Stefano Miscetti elected as Mu2e co-spokesperson

Stefano Miscetti, a scientist from the Italian National Institute for Nuclear Physics, or INFN, has been elected as co-spokesperson for the upcoming Mu2e experiment (pronounced mew-to-e), which will be situated at the U.S. Department of Energy’s Fermi National Accelerator Laboratory. Miscetti and co-spokesperson Robert Bernstein from Fermilab will advance this experiment into the commissioning phase.

Portrait of Stefano Miscetti with library shelves in the background.

Stefano Miscetti from INFN will help advance the Mu2e experiment toward the commissioning phase as its newly elected co-spokesperson. Photo: INFN LNF Education and Public Outreach Service

The Mu2e collaboration brings together more than 200 people from 38 institutions across six countries to build a particle accelerator-based experiment to observe an ultra-rare subatomic process. In this process, a muon, a fundamental particle in the same family as the electron but with more mass, would directly convert into an electron without energy being carried away by fundamental particles called neutrinos. Less than one-in-1,000-billion muons produced by Mu2e will directly convert into an electron if this muon-to-electron process actually occurs in nature.

A big journey for tiny particles

Fermilab’s particle accelerator complex will produce a beam of protons that will collide with a tungsten target and create a cascade of particles, many of which researchers expect will decay into muons.

An “S”-shaped, 82-foot-long system of superconducting solenoids — rings of superconducting wire that create a strong magnetic field when electric current flows effortlessly through their wires — will sort negatively charged muons from positive ones.

This system will also transport and focus the muons toward an aluminum target. The muons will get trapped in the aluminum. They then will decay into electrons and neutrinos, or hopefully, some will decay directly into electrons.

The electrons will emerge from the aluminum trap and leap toward an advanced three-part detector that will measure the electrons’ momentum and energy. The detector will provide a clear signal of a muon-to-electron conversion, while vetoing cosmic rays that interfere with the signal.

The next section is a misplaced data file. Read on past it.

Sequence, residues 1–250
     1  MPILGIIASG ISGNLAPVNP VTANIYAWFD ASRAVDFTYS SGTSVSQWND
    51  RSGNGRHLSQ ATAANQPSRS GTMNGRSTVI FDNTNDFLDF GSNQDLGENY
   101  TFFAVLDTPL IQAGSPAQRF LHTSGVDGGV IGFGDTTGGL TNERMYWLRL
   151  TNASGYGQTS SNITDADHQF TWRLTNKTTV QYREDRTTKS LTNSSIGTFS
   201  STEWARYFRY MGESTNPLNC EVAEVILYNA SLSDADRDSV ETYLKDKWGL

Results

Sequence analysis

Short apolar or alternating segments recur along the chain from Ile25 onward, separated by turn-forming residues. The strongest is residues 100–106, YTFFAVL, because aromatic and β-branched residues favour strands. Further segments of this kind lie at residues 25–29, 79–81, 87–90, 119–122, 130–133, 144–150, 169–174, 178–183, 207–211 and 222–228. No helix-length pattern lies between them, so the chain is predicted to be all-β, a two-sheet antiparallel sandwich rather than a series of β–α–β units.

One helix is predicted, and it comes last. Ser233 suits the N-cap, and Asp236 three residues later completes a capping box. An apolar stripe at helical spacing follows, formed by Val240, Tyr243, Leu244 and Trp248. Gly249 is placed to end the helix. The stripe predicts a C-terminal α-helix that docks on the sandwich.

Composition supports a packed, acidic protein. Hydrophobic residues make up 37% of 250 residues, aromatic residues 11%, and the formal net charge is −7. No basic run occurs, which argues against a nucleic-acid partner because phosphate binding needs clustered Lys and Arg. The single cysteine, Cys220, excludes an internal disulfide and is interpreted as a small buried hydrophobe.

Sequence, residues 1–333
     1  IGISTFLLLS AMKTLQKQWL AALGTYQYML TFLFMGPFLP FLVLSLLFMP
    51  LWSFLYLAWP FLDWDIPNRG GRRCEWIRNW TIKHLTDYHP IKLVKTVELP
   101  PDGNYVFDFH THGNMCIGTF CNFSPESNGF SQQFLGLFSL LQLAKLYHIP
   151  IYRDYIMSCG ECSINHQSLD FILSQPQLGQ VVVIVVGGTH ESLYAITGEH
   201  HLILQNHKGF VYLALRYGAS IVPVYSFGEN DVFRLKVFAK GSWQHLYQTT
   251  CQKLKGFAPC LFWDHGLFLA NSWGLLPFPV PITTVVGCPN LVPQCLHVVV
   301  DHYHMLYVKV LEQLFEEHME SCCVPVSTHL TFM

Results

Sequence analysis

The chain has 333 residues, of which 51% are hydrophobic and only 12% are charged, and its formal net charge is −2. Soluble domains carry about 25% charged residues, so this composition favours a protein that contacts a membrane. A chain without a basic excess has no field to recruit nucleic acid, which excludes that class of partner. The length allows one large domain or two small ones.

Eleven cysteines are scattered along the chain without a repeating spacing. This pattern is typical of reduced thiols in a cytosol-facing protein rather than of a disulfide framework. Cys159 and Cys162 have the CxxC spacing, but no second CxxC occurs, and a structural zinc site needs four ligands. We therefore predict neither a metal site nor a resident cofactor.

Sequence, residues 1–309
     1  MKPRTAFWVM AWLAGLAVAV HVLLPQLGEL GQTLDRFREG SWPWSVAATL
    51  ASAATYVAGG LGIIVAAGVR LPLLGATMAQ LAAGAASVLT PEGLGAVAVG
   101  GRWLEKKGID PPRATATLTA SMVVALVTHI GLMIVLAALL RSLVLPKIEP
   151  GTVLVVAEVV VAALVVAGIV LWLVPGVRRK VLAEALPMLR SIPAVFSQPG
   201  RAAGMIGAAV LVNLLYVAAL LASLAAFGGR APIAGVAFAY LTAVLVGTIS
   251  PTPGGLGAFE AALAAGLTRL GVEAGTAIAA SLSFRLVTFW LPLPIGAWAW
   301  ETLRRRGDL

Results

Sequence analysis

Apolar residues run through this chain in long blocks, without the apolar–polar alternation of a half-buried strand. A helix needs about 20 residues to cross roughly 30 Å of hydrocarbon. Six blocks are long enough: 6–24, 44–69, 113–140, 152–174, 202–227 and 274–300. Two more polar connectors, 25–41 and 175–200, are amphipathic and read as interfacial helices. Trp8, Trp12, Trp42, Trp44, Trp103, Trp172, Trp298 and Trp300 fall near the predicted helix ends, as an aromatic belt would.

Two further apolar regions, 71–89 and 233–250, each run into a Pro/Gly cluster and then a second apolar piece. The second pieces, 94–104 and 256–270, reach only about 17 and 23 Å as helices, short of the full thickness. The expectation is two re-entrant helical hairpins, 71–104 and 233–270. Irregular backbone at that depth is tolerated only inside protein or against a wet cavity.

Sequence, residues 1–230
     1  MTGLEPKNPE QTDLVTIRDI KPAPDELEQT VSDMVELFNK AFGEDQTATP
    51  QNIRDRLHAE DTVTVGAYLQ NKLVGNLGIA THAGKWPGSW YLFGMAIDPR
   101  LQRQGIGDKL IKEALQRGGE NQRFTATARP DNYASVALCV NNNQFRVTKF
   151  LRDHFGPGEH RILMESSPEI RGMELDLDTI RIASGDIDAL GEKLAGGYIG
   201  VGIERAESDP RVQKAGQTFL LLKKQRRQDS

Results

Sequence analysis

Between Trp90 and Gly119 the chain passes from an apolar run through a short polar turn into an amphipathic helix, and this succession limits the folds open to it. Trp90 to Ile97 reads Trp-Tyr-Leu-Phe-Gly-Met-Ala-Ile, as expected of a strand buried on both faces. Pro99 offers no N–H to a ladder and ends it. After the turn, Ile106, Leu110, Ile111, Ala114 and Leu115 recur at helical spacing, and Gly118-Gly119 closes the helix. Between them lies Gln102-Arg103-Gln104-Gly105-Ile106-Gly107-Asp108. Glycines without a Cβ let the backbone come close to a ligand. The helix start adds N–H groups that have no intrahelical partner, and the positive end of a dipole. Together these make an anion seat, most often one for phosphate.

The commissioning phase and beyond

“After over 10 years of work and seven years since the start of construction, the experiment is now in an advanced realization stage,” said Miscetti. “The solenoidal system is now very close to completion, the detectors have most of the components built, the experiment’s mechanics are assembled and electronics are being produced.”

These systems were constructed worldwide, with significant contributions from Italy. About 15% of the collaboration is affiliated with INFN, which has played a major role in designing and constructing the transport solenoid’s superconducting coils. INFN has also played a significant role in designing and constructing a part of the detector called the calorimeter.

“I’m delighted that Stefano has taken on this responsibility,” said Bernstein. “He is the leader of our calorimeter team, a central member of the experiment and a terrific person to work with. Italy and INFN are essential to the success of Mu2e, and they deserve a formal role in the leadership. I am excited to work with him to get Mu2e our first physics data.”

During commissioning, the team will first place all the components for the experiment in the Mu2e hall where they will be assembled into the full experiment. Researchers will then create vacuum conditions inside the experiment and turn on all the components without the beam. It will first detect cosmic rays, or particles from space. When everything is ready, the team will activate the beam of muons and check that everything works as expected.

“The next two years will be important to see the solenoids and detectors fill the Mu2e hall on Fermilab’s campus to start data taking for real. I am excited to participate in this fundamental step in my new role,” said Miscetti.

Fermi National Accelerator Laboratory is supported by the Office of Science of the U.S. Department of Energy. The Office of Science is the single largest supporter of basic research in the physical sciences in the United States and is working to address some of the most pressing challenges of our time. For more information, please visit